Little Nightmares II – A quick solution for your horror fix

I’m going to coin a term right now: Little Nightmares II is another entry in the genre of game I like to call the CreePlatformer. A 2D light puzzle platformer where the majority of the experience is driven by the setting and the atmosphere rather than the gameplay. It might seem like I’m selling the game a bit short… but I’ll get into it as this post goes on.

In the same vein as games from Playdead (Limbo and Inside), the Little Nightmares franchise is a very striking video game to look at, carried almost entirely by its visual design and incredibly effective sense of horror.

Developers by Tarsier Studios, Little Nightmares II follows on from the 2017 predecessor in which players took control of a little girl only known as Six as she made her way through a terrifying ship known as the Maw. Six returns in the sequel (Prequel?) as a companion NPC as players take control of Mono, a young boy with a bag over his head.

As with the first game, Little Nightmares II relies on minimal visual hud clutter on the screen and keeps its gameplay simple and easy to interpret. Using simple platforming, stealth and exploration, the player guides Mono into and then through the Pale City; a warped and unsettling metropolis that almost seems to have undergone some kind of rapture. With empty clothes strewn about the place and the only signs of remaining life being grotesque imitations of out reality.

This aspect of the game really is the thing drawing the player in. On its own, the gameplay is painfully simplistic, consisting of platforming challenges and environmental puzzle solving. Where this game shines the most is in how it looks, how it sounds and in how it almost makes you think it feels. Whereas it felt like the world of the first game was warped and grotesque, the second game seems much more unsettling in comparison.

The creatures you encountered in the first game felt like they were born of excess, disgusting results of gluttony unrestrained. Here, it feels like the monsters you run and fight against are something else, almost as if they’re the remnants of a society left behind, not living themselves, but inanimate objects pretending they’re the living.

This comes across from one of the game’s first areas, a school house in which both the pupils and the sole teacher all seem to be made of porcelain, their faces permanently frozen within horrible smiles. And the one following where partially assembled mannequins start to chase you around. I could pretend to glean some deeper message behind the world of this game and the monsters that dwell within, but if I’m honest I’m not sure there really is some underlying moral to this tale.

I think the developers at Tarsier just wanted to make a cool, unsettling looking world that makes your skin crawl. And in that regard, they succeed fantastically. There is this claymation look to the world and its inhabitants, one that perpetually feels like it would be damp to the touch. It all creates this fantastic atmosphere the first time you enter an area. An atmosphere that ends up losing some of its effectiveness by the time you encounter one of the more challenging gameplay segments.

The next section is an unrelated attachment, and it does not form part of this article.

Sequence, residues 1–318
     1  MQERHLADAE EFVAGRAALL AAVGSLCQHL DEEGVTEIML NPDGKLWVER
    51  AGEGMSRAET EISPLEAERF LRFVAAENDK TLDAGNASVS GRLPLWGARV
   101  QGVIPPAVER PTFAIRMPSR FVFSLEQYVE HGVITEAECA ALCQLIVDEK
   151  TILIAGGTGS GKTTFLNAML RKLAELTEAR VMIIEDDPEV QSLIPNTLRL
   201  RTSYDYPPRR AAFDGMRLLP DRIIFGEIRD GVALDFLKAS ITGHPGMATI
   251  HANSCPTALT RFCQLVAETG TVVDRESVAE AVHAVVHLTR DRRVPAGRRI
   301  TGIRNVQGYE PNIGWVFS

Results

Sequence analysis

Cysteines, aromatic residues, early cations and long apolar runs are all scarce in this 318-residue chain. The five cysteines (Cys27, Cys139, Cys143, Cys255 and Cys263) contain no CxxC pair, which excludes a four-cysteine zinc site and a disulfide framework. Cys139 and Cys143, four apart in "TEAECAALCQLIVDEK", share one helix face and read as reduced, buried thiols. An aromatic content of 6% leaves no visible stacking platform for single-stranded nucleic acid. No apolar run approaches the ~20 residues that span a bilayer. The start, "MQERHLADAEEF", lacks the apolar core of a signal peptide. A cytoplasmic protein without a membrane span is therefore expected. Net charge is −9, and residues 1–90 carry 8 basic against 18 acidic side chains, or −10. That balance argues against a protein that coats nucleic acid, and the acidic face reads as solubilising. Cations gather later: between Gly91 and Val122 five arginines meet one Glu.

In part due to the game’s minimal approach to how it teaches its players mechanics, coupled with the lack of any kind of hud of on-screen dialogue, sometimes it can end up feeling a little frustrating executing on what the game wants you to do in order to process. With no visual markers on objects in the world, you can interact within some particular way, sometimes the solution to a particular puzzle can end up eluding you. Till you feel like an idiot for spotting and missing something so obvious.

Where the game ended up frustrating me the most were the actual action and precision dependant segment, parts where you need to outrun a particular crawling dread beast or when you have to fend off porcelain dolls using a weight, oversized hammer. The second example of which becomes particularly annoying when the hammer has such a long windup and the full 360-degree movement makes missing your target far easier than it needs to be.

While ‘frustration’ might be a tad strong a word to describe these sections of the game, they are by far the weakest part of it. The parts where you know exactly what it is the game is requiring of you, but executing within the game’s own less than precise rules ends up being an exercise in tedium, having just to get your aim and your timing right three times in a row before you can move onto the next segment of the game.

It might seem a bit strange, criticising a game that requires you to play it. But that really is just a testament to how good and atmospheric the world and moving through it is. As I’ve iterated multiple times before, this is a game driven by its atmosphere.

Little Nightmares II is a nice, short little experience, building on the slight mechanics of the first game, with only slight additions. While there is some greater story to explore here and what exactly this game’s placement is in relation tot he first one, at the end of the day, this is a cool, creepy horror experience. Mashing up the childlike characters and setting with the very unnerving series of set pieces and environments.

If you like the creepy puzzle platformers like Limbo and Inside, then you should probably go and play one of those, they’re great games. But Little Nightmares II is no slouch and at around six hours it’s a nice little indie experience that do you good if you’re a bit of a horror junkie.

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